Here's What You Need to Remember: The airframes and, to a certain extent, engine propulsion may be comparable to decades ago, yet the planes are likely quite different than they were at their inception. The U.S. Navy has been immersed in several F/A-18 Service Life Extension Programs intended to preserve the combat readiness, viability and effectiveness of the jet for many years to come.
The United States, Australia, Japan, and India are all teaming up to prepare for war against China in an upcoming Indo-Pacific joint training exercise intended to strengthen networking and combat effectiveness among the allies.
Several reports explain that U.S. Navy F/A-18 Super Hornets will wargame against Russian-built, Indian MiG-29s in combat preparations, an interesting and potentially challenging combination of what could easily be described as rival aircraft.
Beginning as a Soviet aircraft in the late 70s, the MiG-29K is roughly a chronological equivalent to the U.S. Navy’s F/A-18, however, a margin of difference or similarity in terms of combat performance likely hinges entirely upon the extent to which each 1980s-era plane has been upgraded.
The airframes and, to a certain extent, engine propulsion may be comparable to decades ago, yet the planes are likely quite different than they were at their inception. The U.S. Navy has been immersed in several F/A-18 Service Life Extension Programs intended to preserve the combat readiness, viability and effectiveness of the jet for many years to come. This continues to be made possible by a host of major upgrades to the platform to include the integration of new conformal fuel tanks to increase fuel and extend mission range, the addition of new weapons and avionics, and a new suite of infrared sensor targeting systems.
Thanks to these various updates, the Navy has been able to add thousands of hours to the expected life of the F-18s, while also greatly changing its combat envelope through technology adjustments. The Navy continues to add new avionics, electronics and Infrared Search and Track in-flight targeting sensors to the cockpit, greatly expanding the ability of pilots to find and engage with advanced enemy air threats.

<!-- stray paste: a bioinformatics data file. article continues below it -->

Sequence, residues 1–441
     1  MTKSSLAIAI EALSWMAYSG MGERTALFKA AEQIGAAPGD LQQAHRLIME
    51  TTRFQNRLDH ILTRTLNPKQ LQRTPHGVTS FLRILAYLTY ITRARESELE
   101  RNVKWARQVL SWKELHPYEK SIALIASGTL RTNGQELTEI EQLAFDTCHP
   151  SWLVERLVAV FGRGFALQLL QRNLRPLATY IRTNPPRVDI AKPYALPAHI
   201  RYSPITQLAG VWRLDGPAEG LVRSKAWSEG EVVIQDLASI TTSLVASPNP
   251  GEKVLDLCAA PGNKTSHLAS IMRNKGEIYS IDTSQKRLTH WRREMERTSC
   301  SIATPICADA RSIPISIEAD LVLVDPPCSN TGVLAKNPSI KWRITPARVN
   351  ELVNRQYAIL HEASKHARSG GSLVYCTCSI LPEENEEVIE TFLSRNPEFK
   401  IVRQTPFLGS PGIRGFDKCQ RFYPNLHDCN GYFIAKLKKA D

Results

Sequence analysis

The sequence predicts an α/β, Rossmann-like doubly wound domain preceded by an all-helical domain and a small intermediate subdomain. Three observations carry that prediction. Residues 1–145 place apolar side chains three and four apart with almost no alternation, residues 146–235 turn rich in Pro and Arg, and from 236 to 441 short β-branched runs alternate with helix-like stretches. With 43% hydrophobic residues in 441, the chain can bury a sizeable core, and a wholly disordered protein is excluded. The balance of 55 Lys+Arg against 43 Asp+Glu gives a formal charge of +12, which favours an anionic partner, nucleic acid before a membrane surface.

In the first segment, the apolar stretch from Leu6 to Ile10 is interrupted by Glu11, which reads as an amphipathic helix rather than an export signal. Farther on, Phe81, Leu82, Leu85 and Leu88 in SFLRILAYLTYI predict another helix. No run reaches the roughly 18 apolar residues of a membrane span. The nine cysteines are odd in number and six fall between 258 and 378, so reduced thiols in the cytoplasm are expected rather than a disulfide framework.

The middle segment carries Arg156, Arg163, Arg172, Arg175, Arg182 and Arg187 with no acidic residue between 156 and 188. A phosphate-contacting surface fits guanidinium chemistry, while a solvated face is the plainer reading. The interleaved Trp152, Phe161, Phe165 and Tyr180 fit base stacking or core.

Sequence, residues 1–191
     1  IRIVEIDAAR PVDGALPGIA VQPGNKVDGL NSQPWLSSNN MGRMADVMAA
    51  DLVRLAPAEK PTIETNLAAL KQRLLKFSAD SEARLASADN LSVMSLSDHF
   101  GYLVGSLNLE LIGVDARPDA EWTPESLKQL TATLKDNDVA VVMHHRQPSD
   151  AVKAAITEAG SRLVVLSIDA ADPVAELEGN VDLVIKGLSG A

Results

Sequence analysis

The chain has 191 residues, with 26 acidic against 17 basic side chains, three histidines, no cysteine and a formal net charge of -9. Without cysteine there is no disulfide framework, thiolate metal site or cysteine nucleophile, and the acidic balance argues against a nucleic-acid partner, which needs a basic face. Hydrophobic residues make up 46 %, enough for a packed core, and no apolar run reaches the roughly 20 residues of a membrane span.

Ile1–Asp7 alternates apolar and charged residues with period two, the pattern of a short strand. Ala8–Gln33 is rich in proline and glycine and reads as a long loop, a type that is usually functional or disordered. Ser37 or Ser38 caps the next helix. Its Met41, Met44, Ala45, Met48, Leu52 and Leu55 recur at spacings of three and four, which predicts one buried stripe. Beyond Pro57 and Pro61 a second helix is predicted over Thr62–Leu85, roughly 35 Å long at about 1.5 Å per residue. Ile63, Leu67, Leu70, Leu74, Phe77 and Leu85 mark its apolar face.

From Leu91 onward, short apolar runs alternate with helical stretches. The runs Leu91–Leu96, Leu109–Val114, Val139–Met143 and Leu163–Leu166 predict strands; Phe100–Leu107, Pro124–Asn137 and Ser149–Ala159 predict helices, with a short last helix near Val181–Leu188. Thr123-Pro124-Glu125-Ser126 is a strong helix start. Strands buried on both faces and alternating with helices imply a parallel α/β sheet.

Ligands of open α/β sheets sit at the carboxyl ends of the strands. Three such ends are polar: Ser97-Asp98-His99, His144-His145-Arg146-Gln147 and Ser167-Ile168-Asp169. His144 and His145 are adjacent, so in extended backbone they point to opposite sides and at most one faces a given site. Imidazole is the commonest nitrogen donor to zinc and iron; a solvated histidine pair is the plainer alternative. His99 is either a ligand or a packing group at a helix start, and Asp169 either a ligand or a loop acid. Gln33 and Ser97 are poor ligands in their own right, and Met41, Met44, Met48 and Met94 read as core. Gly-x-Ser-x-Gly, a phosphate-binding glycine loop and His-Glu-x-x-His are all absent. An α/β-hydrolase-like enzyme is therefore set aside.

Will this mean it will prove superior to the MIG-29K? Certainly many wanted the answer to that question in the 1980s during the height of the Cold War.
The question now is, in any kind of engagement against China, just how useful would even be upgraded 4th-Generation aircraft be? Could be mixed, it seems.
In one sense neither the MIG-29K or F-18 are likely to operate with an ability to compete against stealthy, 5th-gen Chinese J-20s or J-31s, yet to the extent that major warfare might extend over time, fleet size and advanced 4th-Gen attack systems could easily prove quite valuable, provided the Soviet-era and U.S. F-18s could network with one another and share information.
Should China, or a collection of anti-China allies attain any kind of air superiority in a major war, the country with the more effective 4th-Gen aircraft would it seems be best positioned to prevail. If advanced air defenses are rendered inoperative, then sheer fleet size and strike range expanse could be very decisive.
Kris Osborn is defense editor for the National Interest. Osborn previously served at the Pentagon as a Highly Qualified Expert with the Office of the Assistant Secretary of the Army—Acquisition, Logistics & Technology. Osborn has also worked as an anchor and on-air military specialist at national TV networks. He has appeared as a guest military expert on Fox News, MSNBC, The Military Channel, and The History Channel. He also has a Masters Degree in Comparative Literature from Columbia University. This article first appeared last year.